treat canker sore

How to treat canker sores?

Written by: WellCome Care Editorial Team

In A Nutshell:

  • Canker sores are common names given to Recurrent Aphthous Stomatitis, RAS, or simply, Aphthae
  • These sores can be treated with the topical application of corticosteroids, antiseptic/anti-inflammatory agents, and local anesthetics
  • Drugs should be used based on the severity of the sores, the intensity of the pain/discomfort and the responsiveness to treatment

Canker sores are characterized by small red bumps inside the mouth, along the soft tissues/mucosa of the lips and cheeks, which may burst open to reveal shallow pale or white lesions.

They are usually only half an inch in size, or smaller, and are quite painful. They are not contagious.

The condition is fairly common in the US and is seen in young men and women between the ages of 10 and 25. It can however, affect older age groups as well.

Unfortunately, the exact cause of canker sores is still not know. Their development has been associated with family history, stress, allergies, oral injuries, nutritional and immune system imbalances, and using Sodium Lauryl Sulphate (SLS) mouthwashes/toothpastes.

Diagnosis of canker sores is made on the basis of their symptoms and appearance. They can be mild, moderate or severe, and the duration of these lesions in the mouth depends upon their severity.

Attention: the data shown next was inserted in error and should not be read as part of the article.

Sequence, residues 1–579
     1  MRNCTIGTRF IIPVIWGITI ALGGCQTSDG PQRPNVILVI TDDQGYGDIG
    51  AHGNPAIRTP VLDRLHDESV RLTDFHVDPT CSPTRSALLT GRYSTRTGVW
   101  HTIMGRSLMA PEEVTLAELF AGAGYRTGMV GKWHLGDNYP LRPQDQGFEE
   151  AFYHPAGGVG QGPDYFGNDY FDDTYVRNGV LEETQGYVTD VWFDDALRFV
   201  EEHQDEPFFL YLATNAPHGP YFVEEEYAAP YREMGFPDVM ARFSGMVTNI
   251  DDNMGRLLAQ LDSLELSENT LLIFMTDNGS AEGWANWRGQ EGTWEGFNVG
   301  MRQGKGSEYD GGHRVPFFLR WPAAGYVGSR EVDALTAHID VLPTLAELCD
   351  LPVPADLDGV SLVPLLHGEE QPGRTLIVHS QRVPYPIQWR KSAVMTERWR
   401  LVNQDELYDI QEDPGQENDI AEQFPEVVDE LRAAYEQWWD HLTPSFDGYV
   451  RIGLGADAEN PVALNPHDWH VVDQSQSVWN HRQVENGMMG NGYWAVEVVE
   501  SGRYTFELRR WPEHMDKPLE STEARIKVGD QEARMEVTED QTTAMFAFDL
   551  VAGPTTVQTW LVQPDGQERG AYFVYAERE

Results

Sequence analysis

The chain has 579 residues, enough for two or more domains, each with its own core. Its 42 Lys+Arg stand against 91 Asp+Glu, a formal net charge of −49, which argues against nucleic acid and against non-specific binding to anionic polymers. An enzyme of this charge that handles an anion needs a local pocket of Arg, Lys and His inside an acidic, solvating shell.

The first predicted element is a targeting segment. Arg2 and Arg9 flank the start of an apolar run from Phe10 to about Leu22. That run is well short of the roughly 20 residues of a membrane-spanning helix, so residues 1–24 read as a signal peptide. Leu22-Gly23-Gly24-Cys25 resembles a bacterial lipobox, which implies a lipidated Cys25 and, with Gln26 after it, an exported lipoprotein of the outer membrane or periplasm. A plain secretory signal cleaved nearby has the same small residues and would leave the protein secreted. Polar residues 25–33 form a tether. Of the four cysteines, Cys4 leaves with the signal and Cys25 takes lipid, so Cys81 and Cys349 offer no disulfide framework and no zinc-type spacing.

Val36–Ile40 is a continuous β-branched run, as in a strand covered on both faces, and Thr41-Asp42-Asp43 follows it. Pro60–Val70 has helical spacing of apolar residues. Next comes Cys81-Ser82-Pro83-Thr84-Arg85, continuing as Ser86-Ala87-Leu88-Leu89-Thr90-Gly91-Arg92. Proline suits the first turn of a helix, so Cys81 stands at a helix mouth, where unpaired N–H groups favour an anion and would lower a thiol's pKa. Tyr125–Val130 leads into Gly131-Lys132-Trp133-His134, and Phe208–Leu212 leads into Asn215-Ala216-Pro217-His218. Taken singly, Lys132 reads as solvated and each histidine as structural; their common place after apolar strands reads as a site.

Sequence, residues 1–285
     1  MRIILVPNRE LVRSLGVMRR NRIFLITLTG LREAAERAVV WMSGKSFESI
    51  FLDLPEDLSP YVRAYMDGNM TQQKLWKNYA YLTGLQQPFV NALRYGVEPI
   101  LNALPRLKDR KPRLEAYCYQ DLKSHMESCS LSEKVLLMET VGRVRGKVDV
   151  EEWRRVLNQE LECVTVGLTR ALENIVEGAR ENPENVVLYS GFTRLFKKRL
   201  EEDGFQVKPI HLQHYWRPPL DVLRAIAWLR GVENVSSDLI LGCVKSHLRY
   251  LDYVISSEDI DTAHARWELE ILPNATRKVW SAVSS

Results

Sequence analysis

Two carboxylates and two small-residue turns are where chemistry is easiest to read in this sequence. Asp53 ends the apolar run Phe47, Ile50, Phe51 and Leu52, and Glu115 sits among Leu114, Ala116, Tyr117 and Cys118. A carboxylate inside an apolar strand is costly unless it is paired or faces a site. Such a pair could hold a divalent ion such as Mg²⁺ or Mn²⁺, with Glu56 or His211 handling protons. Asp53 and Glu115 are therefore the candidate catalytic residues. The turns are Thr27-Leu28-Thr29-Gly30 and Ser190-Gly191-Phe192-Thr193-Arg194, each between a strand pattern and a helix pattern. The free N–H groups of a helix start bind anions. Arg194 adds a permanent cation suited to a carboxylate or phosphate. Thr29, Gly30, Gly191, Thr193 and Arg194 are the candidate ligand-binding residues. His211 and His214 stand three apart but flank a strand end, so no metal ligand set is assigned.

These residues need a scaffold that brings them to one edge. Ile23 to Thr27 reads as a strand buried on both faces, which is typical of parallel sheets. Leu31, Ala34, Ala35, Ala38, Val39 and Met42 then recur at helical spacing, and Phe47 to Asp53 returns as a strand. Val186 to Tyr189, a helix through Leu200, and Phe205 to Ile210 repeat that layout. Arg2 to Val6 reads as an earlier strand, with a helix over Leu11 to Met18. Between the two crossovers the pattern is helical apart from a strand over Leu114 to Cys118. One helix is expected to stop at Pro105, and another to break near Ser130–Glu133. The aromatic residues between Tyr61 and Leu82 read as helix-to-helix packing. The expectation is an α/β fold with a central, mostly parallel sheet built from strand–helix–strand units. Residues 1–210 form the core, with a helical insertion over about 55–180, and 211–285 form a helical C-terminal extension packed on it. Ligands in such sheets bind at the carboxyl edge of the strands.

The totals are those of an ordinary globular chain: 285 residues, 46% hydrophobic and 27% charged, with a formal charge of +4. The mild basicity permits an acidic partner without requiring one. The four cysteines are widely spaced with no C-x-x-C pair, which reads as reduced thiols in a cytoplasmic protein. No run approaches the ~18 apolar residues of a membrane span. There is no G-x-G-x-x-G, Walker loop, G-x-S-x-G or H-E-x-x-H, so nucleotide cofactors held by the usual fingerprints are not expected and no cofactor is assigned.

It is usually the pain that comes with having Aphthae in the mouth that is the biggest source of concern for patients. Here are a few things you can do to minimize the discomfort till they resolve:

  • Avoid acidic and spicy foods.
  • Avoid hard foods which can cause irritation to the wound
  • Use a mild toothpaste that does not contain SLS
  • Use gentle brushing strokes to avoid scratching against the wound
  • Keep applying the topical medication daily for best results

RECOMMENDED TREATMENT REGIMEN

Mild to moderate sized canker sores respond well to topical treatments and usually disappear within 10-14 days. Here’s how you can treat your canker sores at home:

  • Make sure there is no food in your mouth when you apply medication
  • Wash and dry your hands
  • Clean and blot the area around the sores dry with a paper towel
  • Dispense a small amount of the medication on to a cotton swab or a Q-tip, and gently apply it over the sores
  • Try not to eat or drink anything for at least half an hour after you’ve applied the medication

If the sores respond well to the treatment, you should notice:

  • Normalization of the soft tissue color
  • Reduction in pain and discomfort
  • Reduction in size of the lesion
  • Reduction in functional impairment

STRENGTH OF EVIDENCE: A

Recurrent Aphthous Stomatitis, also known as canker sores, respond very well to topical agents including anti-inflammatory/antiseptic medications, corticosteroids, and mild anaesthetics. If these topical drugs are used regularly for at least 7-10 days, patients will experience a complete resolution of symptoms with pain relief and normalization of the affected oral mucosa/soft tissues.

In combination to the application of the drug, it is important to avoid spicy, acidic or hard foods that can worsen the pain and symptoms. The sores are very sensitive and must be taken care of till they completely resolve, otherwise they can reappear, or take much longer to respond to medication.

OUR RULING:

Topical gel formulations are highly effective in treating minor recurrent aphthous stomatitis, or canker sores.

OUR SOURCES:

  1. American Academy of Oral Medicine: Canker Sores
  2. BMC Oral Health Study - Canker sores and topical gel
  3. Epidemiological study of canker sores
  4. Study: The treatment of chronic recurrent canker sores
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